Slow boil, jumbo shrimp, boneless ribs, non-dairy creamer, etc. I'm going to counter the many food oxymorons with a redundant phrase: cookbooks intended for people who wish to cook at home. Those are my favorites among cookbooks published in 2008, and they're nothing like a lot of the volumes targeted to foodies this time of year—the celebrations of an extremely specific cuisine (Cooking the Norwegian Way), the health-craze tomes (The Biggest Loser Cookbook), the adoring fan fodder never intended for people who cook with saucepans on four-burner stoves, (Top Chef: The Cookbook, with its recipes like Braised Pork Shoulder in Sour Orange Mojo With Yucca/Pickled Onions).
Maybe the slowing-like-molasses-in-winter economy inspired the "make it yourself for more value, more comfort, more bonding" attitude I prefer. In any case, these books are a good value. You can use them once a week or more, to make food that's homey but up-to-date, fresh but not overly fancy, healthy (mostly) but never stingy. May I heartily recommend:
Big Night In by Domenica Marchetti
(Chronicle Books, 224 pages)
The title says it all—invite friends and family for a Big Night In, doing lots of the prep while everyone hangs out in the kitchen, says Marchetti, an exemplar of contemporary Italian cooking. She provides all the tips and recipes for very special meals, well seasoned with tales of her Italian mother and other kitchen escapades (like the days spent making a Pasta Timballo in stages with a two-day old baby for company). Some dishes, like Gabriella's Lasagne Verde Alla Bolognese, are labor-intensive marvels, others, like Sauteed Spinach With Garlic, take mere minutes. I like to revel in the unabridged recipes, then actually make them with heretical short-cuts—store-bought marina sauce and pie crust, for example.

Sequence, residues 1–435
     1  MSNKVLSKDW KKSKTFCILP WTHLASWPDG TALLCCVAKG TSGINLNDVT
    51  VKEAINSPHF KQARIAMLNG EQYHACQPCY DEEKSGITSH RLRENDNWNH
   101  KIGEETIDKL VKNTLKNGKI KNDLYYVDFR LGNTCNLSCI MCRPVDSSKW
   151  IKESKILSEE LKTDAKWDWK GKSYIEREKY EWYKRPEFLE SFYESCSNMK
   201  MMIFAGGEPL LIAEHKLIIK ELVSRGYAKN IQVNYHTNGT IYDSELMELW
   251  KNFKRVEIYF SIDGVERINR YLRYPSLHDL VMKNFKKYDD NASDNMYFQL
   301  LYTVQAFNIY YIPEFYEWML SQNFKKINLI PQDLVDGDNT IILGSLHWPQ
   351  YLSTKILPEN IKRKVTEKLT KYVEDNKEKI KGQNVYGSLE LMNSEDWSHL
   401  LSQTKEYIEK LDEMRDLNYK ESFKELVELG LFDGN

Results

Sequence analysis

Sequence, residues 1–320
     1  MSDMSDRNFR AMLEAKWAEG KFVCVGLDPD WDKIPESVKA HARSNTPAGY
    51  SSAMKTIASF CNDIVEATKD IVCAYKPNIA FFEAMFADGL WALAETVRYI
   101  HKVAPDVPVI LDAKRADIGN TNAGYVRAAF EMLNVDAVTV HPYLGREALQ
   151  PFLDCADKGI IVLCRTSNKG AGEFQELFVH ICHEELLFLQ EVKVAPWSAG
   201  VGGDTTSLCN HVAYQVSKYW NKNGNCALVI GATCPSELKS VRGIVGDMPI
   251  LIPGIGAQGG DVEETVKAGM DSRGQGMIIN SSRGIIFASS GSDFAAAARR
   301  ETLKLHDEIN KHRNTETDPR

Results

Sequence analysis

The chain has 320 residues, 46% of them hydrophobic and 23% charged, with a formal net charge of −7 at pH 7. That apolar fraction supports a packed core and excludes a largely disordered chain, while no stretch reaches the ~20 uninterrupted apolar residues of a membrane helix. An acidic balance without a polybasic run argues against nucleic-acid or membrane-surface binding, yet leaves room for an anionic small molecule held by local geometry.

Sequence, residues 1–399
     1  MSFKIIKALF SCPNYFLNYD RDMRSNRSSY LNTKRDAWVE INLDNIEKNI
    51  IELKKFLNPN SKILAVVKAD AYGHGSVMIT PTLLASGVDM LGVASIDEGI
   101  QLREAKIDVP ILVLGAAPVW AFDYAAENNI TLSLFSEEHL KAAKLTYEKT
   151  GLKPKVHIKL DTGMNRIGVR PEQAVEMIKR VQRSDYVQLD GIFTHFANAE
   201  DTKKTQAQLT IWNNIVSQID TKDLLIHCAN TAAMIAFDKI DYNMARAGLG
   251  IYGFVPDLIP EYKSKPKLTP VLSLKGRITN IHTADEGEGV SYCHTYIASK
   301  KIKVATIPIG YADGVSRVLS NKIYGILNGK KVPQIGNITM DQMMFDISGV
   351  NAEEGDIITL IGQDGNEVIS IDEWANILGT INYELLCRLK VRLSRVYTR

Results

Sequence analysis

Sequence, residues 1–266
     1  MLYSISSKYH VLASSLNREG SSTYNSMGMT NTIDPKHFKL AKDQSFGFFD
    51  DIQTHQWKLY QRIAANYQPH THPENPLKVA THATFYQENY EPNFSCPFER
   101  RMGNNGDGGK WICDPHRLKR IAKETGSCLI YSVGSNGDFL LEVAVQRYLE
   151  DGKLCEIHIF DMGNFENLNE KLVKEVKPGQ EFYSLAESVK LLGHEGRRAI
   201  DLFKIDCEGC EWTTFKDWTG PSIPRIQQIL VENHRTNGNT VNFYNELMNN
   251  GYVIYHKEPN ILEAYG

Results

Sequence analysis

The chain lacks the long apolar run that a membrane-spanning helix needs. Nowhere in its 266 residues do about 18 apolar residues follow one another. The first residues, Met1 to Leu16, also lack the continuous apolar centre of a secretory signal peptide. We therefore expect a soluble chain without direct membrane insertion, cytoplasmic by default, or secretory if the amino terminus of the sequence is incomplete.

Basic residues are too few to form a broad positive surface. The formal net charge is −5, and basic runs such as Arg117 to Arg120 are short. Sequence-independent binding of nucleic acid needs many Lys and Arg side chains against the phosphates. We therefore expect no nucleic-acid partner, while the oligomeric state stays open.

The Old Farmer's Almanac Everyday Cookbook
Forgotten how to cook dinner on a regular basis? This book swoops in to the rescue, with simple and straightforward recipes for dishes like Seaside Lasagna and corn-and-pepper pancakes that are anything but ordinary—the Almanac runs all manner of reader cooking contests, with winning entries printed here. My favorites include some of the occasional ethnic dishes, like cardamom-scented carrot rice pudding (Gajan Ki Kheer) and Caledonia Beef Stew, but they've got old reliables like refrigerator muffins, zucchini with dill sauce, and The World's Best Cheesecake, too. This very week I'm looking forward to trying the irresistibly-named Dartmoor Fidget Pie.
Martha Stewart's Cookies
(Clarkson Potter, 342 pages)
Stop stopping by the boutique bakery and get out the butter—the folks who produce Martha's magazine are going to show you the step-by-step of making high-end, handcrafted cookies. Organized by texture, some simpler, some complex, a few downright unusual, 175 recipes include Rum Raisin Shortbread, Cappuccino-Chocolate Bites, Lemon Madeleines, and 175 full-color photos. m
The Story of Tea by Mary Lou and Robert J. Heiss
(Ten Speed Press 417 pages)
Others may say they're "in" to tea, but the Heisses trek to global locales to purchase the world's best for their Cooks Shop Here store in Western Massachusetts—they're such zealots they even give explicit instructions on the best way to boil water. This love song to tea leaves is part coffee table book, part manual, part cookbook, with the lowdown on varietals, health benefits, customs, culture, and recipes that have tea as an ingredient, like Pineapple Jewel Rice with Spicy Shrimp.